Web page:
Ativan Withdrawal and Detox
The symptoms, length, and severity of both physical withdrawal symptoms and psychological withdrawal from Ativan can vary significantly between individuals.
The general recommendation from people in the medical community is that you don’t withdrawal from Ativan cold turkey. A cold turkey withdrawal can lead to more severe withdrawal symptoms including Ativan withdrawal seizures and hallucinations.
When people ask the question, “can you die from Ativan withdrawal,” it’s important they realize the answer is yes. The risk of death from symptoms such as Ativan withdrawal seizures is why a medical detox is almost always the best choice for people who are addicted to Ativan and other benzos.
Some of the physical symptoms of Ativan withdrawal may include:
- Drug cravings
- Nausea and vomiting
- Abdominal cramps
- Changes in mood
- Changes in blood pressure
- Panic attacks
- Muscle aches and pains
This is just a short list of the potential physical withdrawal symptoms, as well as some of the psychological withdrawal symptoms.
When talking about psychological withdrawal symptoms, many people who are going through Ativan detox find that they experience rebound symptoms. There are certain symptoms that likely led to a person’s use of Ativan in the first place, such as insomnia or anxiety. During the withdrawal and detox process from Ativan, it’s often the case that these symptoms return, and they may return more severely. Rebound symptoms will usually occur in the earliest stages of detox and withdrawal from Ativan.
There is some research showing that withdrawal symptoms from Ativan usage can occur after only using the drug for as few as four to six weeks on a regular basis.
As mentioned, there is the potential for the psychological withdrawal symptoms and physical symptoms of withdrawal from Ativan to be fatal. Seizures, convulsions, and psychosis are possibilities. These can lead to coma, brain damage or death, which is why it’s not advised that people stop Ativan cold turkey and that they do a medical detox.
Users should also note that withdrawal can intensify symptoms of underlying mental illnesses, so in addition to helping patients cope with the physical symptoms of withdrawal, a medical detox facility can also develop treatment plans for these mental illnesses.
If someone takes multiple drugs including Ativan, the withdrawal process can become further complicated, requiring in-depth medical care and monitoring, as well as treatment plans that address each aspect of the co-occurring addictions.
Along with needing constant medical attention during the detox phase, when people use Ativan, there may be psychological symptoms including suicidal tendencies that can require treatment and therapeutic intervention. A home detox is the not the appropriate setting for these issues to be addressed.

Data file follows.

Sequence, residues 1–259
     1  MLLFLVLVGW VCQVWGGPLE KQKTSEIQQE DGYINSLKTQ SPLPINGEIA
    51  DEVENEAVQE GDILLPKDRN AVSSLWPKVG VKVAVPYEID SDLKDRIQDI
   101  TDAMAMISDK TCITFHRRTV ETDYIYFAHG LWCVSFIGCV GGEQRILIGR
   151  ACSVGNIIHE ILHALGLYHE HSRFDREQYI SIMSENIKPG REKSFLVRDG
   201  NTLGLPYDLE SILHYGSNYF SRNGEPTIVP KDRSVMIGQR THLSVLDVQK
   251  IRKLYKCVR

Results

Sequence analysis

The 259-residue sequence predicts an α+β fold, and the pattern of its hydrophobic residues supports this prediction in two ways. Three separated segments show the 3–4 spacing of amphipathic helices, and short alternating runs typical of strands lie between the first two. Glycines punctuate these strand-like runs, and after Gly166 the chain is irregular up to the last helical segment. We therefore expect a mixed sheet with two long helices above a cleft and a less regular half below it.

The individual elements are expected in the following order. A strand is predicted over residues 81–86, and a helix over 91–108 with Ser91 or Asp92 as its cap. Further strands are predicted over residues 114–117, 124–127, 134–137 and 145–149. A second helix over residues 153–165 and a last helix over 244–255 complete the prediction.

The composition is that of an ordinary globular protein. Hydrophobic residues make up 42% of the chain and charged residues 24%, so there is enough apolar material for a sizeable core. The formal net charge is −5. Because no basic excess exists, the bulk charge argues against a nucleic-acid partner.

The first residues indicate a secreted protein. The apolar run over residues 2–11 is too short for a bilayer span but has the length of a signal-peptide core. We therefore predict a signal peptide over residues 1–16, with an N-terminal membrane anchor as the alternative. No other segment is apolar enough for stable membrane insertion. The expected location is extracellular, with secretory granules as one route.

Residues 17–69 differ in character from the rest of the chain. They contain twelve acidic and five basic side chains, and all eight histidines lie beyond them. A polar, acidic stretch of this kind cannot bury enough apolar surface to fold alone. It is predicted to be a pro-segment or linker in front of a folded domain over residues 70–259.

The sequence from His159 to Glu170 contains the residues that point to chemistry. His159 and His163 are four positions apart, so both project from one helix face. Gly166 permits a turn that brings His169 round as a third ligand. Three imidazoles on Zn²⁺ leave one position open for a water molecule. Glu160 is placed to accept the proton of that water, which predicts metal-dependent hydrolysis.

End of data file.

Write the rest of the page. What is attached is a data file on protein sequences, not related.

Also, a professional detox facility will most likely use a process of tapering users off the drug. They can customize the tapering off plan for the individual, based on their other health factors as well as their usage history. This helps people who are addicted to Ativan have more manageable withdrawal symptoms, and it also paves the way for them to be more successful in their treatment and stay off Ativan for the long-term. People who withdrawal from Ativan cold turkey tend to be more likely to either not complete treatment or to relapse.
The Ativan withdrawal timeline often occurs similar to the following outline:
- Ativan is considered a drug with an intermediate duration, so on average, it stays in the user’s system for about 12 hours. That means the initial withdrawal symptoms may start within 24 hours of the final dose being taken. There is a period of early withdrawal, in which the person will often feel a rush of anxiety and possibly other symptoms like increases in their heart rate and blood pressure. During the early withdrawal phase, it can also be difficult to sleep. In most cases, the first withdrawal symptoms will take place about a day after the last dose, and then acute withdrawal symptoms will begin.
- Acute withdrawal starts anywhere from one to three days after the last dose of Ativan, and this is where the majority of withdrawal symptoms usually occur. This period can last for about two weeks, but for heavier Ativan abusers, this can last for a few months. Some of the specific symptoms that occur during acute withdrawal include irritability, aches and pains, tremors and drug cravings.
- Anywhere from 8 to 14 days later, people will start to notice the severity of their symptoms will usually decline.
Beyond the two-week period, many people will feel like the worst has passed, but there are still lingering symptoms that may occur. These can be called protracted withdrawal symptoms, but this doesn’t happen with everyone who uses Ativan. Protracted withdrawal symptoms can include primarily psychological issues, such as anxiety and depression, and potentially drug cravings. These symptoms may extend up to two years after stopping the use of Ativan.
Some factors affect withdrawal. These can include the method of cessation you use, for example, cold turkey versus tapering. Also relevant are the length of time you used Ativan and your dependency level.